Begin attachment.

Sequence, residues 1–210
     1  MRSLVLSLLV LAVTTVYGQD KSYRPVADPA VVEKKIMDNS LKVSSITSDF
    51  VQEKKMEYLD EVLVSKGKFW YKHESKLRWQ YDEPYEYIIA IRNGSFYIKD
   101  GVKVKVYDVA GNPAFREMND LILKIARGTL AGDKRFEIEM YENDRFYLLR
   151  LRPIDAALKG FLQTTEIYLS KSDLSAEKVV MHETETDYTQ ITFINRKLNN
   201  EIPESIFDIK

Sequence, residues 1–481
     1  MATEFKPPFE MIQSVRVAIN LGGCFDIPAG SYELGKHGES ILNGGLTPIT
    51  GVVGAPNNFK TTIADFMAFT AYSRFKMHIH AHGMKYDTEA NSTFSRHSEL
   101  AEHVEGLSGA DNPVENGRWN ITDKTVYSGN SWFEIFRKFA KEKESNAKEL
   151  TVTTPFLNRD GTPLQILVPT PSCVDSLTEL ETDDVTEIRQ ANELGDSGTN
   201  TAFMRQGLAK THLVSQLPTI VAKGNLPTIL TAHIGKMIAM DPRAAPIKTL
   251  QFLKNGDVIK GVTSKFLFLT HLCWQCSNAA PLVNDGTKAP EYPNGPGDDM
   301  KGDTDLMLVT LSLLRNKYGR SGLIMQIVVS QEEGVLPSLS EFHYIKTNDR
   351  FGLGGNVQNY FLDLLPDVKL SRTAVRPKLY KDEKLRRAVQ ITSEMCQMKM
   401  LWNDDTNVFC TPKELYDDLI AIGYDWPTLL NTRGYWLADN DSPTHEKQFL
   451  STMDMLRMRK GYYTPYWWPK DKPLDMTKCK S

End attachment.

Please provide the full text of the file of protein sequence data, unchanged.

Sequence, residues 1–210
     1  MRSLVLSLLV LAVTTVYGQD KSYRPVADPA VVEKKIMDNS LKVSSITSDF
    51  VQEKKMEYLD EVLVSKGKFW YKHESKLRWQ YDEPYEYIIA IRNGSFYIKD
   101  GVKVKVYDVA GNPAFREMND LILKIARGTL AGDKRFEIEM YENDRFYLLR
   151  LRPIDAALKG FLQTTEIYLS KSDLSAEKVV MHETETDYTQ ITFINRKLNN
   201  EIPESIFDIK

Sequence, residues 1–481
     1  MATEFKPPFE MIQSVRVAIN LGGCFDIPAG SYELGKHGES ILNGGLTPIT
    51  GVVGAPNNFK TTIADFMAFT AYSRFKMHIH AHGMKYDTEA NSTFSRHSEL
   101  AEHVEGLSGA DNPVENGRWN ITDKTVYSGN SWFEIFRKFA KEKESNAKEL
   151  TVTTPFLNRD GTPLQILVPT PSCVDSLTEL ETDDVTEIRQ ANELGDSGTN
   201  TAFMRQGLAK THLVSQLPTI VAKGNLPTIL TAHIGKMIAM DPRAAPIKTL
   251  QFLKNGDVIK GVTSKFLFLT HLCWQCSNAA PLVNDGTKAP EYPNGPGDDM
   301  KGDTDLMLVT LSLLRNKYGR SGLIMQIVVS QEEGVLPSLS EFHYIKTNDR
   351  FGLGGNVQNY FLDLLPDVKL SRTAVRPKLY KDEKLRRAVQ ITSEMCQMKM
   401  LWNDDTNVFC TPKELYDDLI AIGYDWPTLL NTRGYWLADN DSPTHEKQFL
   451  STMDMLRMRK GYYTPYWWPK DKPLDMTKCK S